While there were some non-Indians, the crowd seemed overwhelmingly South Asian. The vast space was full, and according to the organizers many more had to be turned away. Indian Americans are an affluent lot and are passionate about their cuisine, be they first or second generation. Indeed, food is the common language for many of the second-generation Indians who could be called kitchen Indians—they may not speak any Indian language but sure know the taste of a desi meal!
A nice, fun touch was a spice market, where the guests were given empty bags and told to go shopping—on the house! They were invited to shop for ten free items and it was quite a scene with shoppers picking up basmati rice, masalas and packages of bhel and agarbatis with great deliberation. Guests may have paid $100 per ticket, but it is human nature to love getting freebies. Another usable freebie was a coupon book with coupons valued at $500 to be used in various participating restaurants.
Jehangir Mehta, noted chef and author, owns Graffiti as well as the brand new restaurant Mehtaphor, both hot and happening spots. He was one of the hosts for the evening and was mixing with fans and guests in the crowded halls. Normally restaurant goers rarely get to meet the chef so everyone seemed to want a photo with him, it seemed!
“It’s absolutely brilliant to do this here in NYC, which is a city that loves to embrace all cultures,” said Mehta. “Plus we do have a great influx of Indian cuisine taking the stands off late so to capture the market in full force is amazing. I was very pleased to host this event and that gave me an even larger stage to interact with the fans. Talking of how Indian food has gained popularity through media and fine-dining restaurants is amazing to watch.”
The Varli Food Festival, as a first-time event, certainly created a buzz. So what’s next on the agenda? Singh has set her sights on creating nationwide food festivals in various states, so soon everyone will hopefully get a taste. Happy eating!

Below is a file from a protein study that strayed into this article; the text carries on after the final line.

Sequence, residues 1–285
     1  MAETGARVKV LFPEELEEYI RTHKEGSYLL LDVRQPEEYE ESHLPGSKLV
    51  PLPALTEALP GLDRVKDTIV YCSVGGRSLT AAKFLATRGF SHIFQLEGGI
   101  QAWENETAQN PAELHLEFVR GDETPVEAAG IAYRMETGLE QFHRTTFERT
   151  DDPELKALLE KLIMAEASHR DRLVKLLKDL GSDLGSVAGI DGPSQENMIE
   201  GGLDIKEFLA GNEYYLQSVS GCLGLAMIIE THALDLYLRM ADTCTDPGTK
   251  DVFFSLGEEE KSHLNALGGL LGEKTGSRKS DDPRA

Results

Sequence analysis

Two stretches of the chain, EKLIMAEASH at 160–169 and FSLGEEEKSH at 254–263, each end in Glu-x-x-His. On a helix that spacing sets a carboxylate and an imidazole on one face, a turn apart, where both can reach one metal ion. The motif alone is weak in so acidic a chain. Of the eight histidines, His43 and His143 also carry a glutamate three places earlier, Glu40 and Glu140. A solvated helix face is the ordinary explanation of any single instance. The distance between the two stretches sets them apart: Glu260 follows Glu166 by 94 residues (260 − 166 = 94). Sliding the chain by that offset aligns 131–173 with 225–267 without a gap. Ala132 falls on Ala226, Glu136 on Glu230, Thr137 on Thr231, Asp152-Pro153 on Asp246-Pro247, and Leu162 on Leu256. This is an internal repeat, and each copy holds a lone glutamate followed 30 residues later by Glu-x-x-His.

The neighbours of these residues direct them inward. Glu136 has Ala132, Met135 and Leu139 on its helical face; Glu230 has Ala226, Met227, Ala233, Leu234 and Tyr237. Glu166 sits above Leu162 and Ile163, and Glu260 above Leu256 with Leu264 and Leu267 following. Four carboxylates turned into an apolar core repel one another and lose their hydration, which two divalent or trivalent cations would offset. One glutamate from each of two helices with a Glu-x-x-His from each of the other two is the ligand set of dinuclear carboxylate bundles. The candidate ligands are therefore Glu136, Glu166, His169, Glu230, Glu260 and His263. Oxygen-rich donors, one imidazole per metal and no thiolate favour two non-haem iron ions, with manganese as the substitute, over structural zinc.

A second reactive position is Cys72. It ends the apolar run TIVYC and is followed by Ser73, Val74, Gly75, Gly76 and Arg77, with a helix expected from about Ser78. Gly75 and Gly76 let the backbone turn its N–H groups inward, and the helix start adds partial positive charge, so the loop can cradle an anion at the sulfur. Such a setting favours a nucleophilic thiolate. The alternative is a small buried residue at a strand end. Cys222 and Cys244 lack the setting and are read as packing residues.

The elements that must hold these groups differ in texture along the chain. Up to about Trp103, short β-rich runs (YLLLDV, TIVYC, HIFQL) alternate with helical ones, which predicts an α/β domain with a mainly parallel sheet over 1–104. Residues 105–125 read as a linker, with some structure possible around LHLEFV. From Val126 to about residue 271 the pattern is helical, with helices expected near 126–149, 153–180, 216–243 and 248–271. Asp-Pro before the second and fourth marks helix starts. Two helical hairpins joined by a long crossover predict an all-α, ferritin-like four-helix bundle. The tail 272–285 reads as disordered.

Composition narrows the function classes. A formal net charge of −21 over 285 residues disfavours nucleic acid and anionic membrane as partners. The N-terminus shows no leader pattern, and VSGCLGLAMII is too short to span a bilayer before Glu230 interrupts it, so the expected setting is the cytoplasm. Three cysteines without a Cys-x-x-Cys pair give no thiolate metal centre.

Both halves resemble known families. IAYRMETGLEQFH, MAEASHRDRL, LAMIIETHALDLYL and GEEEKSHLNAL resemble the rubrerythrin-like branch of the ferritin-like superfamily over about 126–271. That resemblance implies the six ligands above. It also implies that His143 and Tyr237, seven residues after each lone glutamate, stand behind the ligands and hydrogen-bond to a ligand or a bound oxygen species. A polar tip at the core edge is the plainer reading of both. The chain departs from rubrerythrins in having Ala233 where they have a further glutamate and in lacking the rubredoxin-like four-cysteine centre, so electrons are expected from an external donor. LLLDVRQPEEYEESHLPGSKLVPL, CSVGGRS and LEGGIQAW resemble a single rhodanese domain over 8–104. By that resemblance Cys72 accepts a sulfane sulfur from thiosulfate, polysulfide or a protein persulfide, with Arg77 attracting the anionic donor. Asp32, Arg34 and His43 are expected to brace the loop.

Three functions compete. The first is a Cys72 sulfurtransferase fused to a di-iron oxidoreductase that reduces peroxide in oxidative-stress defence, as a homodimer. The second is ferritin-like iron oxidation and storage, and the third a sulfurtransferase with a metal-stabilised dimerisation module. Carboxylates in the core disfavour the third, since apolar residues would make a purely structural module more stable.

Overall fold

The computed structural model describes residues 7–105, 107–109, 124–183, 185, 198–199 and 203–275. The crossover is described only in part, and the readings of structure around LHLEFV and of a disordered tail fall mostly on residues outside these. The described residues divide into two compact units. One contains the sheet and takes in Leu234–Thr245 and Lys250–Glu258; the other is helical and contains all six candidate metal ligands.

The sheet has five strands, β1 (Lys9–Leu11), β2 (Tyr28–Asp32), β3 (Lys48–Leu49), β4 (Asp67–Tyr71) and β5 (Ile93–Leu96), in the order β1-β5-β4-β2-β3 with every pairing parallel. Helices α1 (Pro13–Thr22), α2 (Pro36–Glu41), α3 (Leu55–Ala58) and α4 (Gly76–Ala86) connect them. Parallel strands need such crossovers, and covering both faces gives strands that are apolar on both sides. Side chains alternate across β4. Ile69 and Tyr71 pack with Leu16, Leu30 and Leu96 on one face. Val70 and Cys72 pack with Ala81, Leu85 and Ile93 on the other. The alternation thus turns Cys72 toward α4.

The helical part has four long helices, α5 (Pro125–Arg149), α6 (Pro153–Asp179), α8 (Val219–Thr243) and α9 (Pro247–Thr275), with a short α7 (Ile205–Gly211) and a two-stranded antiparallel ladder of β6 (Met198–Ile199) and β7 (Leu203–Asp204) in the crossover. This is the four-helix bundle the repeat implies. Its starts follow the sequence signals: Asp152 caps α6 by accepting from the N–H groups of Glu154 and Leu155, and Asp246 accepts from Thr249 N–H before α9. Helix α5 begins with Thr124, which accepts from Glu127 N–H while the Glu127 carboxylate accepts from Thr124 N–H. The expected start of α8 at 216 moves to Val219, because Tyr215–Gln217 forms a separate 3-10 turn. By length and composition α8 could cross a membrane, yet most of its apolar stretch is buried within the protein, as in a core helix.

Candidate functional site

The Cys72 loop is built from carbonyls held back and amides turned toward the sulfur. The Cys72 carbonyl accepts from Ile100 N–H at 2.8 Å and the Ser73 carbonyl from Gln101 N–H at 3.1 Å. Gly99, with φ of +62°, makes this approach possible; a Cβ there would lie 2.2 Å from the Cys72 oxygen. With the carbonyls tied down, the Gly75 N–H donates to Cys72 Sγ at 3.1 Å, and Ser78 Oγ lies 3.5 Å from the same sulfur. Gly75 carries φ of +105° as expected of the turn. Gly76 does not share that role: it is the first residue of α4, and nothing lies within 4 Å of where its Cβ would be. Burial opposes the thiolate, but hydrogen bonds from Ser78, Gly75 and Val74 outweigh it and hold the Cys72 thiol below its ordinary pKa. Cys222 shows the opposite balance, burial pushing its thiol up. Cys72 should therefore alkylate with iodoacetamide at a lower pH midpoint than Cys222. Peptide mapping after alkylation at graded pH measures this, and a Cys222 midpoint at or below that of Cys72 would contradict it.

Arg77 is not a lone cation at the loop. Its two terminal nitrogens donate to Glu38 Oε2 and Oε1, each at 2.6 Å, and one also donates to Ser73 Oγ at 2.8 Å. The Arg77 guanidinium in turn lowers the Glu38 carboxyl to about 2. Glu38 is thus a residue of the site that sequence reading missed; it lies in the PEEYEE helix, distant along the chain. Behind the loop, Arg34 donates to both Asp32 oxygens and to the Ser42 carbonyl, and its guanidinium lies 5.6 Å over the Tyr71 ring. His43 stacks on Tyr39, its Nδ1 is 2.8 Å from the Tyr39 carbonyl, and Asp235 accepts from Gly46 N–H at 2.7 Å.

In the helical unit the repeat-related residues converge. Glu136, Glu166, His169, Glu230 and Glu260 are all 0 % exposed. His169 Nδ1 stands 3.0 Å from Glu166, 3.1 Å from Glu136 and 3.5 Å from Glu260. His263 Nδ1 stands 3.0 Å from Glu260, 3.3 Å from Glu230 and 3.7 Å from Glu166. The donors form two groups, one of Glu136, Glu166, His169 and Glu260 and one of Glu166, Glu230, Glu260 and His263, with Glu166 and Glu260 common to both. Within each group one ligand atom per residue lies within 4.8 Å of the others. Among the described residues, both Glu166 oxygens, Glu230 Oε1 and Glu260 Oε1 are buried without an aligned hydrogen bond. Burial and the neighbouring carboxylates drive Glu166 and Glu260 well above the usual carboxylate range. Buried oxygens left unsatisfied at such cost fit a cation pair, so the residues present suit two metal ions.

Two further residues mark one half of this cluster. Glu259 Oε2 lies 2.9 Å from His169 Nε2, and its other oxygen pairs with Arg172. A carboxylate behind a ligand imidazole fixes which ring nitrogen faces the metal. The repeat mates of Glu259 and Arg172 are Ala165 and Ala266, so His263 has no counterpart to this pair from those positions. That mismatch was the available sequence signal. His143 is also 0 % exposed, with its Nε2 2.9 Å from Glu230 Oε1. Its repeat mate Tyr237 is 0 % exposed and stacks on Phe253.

[Lavina Melwani is a New York-based journalist for several international publications and blogs at www.lassiwithlavina.com]
Recipe: Piri Piri Shrimp
From Chef Vikas Khanna of Junoon.
This dish is one of the favorites on our appetizer list at Junoon. Its origins are in Goan cooking, which evolved with considerable influence from the Portuguese who used Goa as a trading port for many years. People request this dish often for catering. If served as an appetizer it will serve four to six people. We pair it with avocado chaat masala and raita in the restaurant. —Vikas Khanna
1 pound (16-20 count) shrimp, peeled and de-veined
1/4 cup extra virgin olive oil
½ teaspoon black mustard seeds
½ medium red onion, finely chopped, about one cup
½ teaspoon red hot chili flakes, or more to taste
2 cloves fresh garlic, finely chopped
1 teaspoon ground cumin
½ teaspoon ground turmeric
1 teaspoon garam masala
¼ teaspoon ground clove
½ teaspoon ground cinnamon
1 teaspoon freshly ground black pepper
½ teaspoon salt, or more to taste
pinch of sugar
½ cup tomato purée
½ cup apple cider vinegar
3-4 fresh curry leaves cut into a chiffonade of fine strips
Make the sauce: heat a large, heavy-bottomed skillet over high heat. Add 2 tablespoons of oil to pan and when oil is hot, fry mustard seeds stirring constantly until they begin to crackle, about one minute. Add the onion to the pan and reduce heat to medium. Continue to cook, stirring frequently. When onion is softened slightly, add the garlic and the hot chili flakes and continue to cook, stirring frequently until garlic is cooked, about five minutes. Add the cumin, turmeric, garam masala, clove, cinnamon, black pepper, salt and sugar to the pan along with the vinegar and tomato purée. Bring to a boil and then reduce heat to low. Let the piri piri sauce simmer, uncovered, for 15-20 minutes. For a refined texture, remove pan from heat and let cool for fifteen minutes before processing in a blender until smooth. Return sauce to heat and let simmer gently while cooking the shrimp.
Cook the Shrimp: heat 2 tablespoons of oil in a heavy-bottomed skillet over high heat. When oil is hot but not smoking, add the curry leaves and shrimp to the pan and sauté, stirring and shaking the pan for two to three minutes until the shrimp is no longer transparent. Add the sauce to the shrimp, reduce the heat to low and let simmer until shrimp is cooked through, about three more minutes. Taste for salt and then serve immediately accompanied by avocado, raita and fresh-baked naan.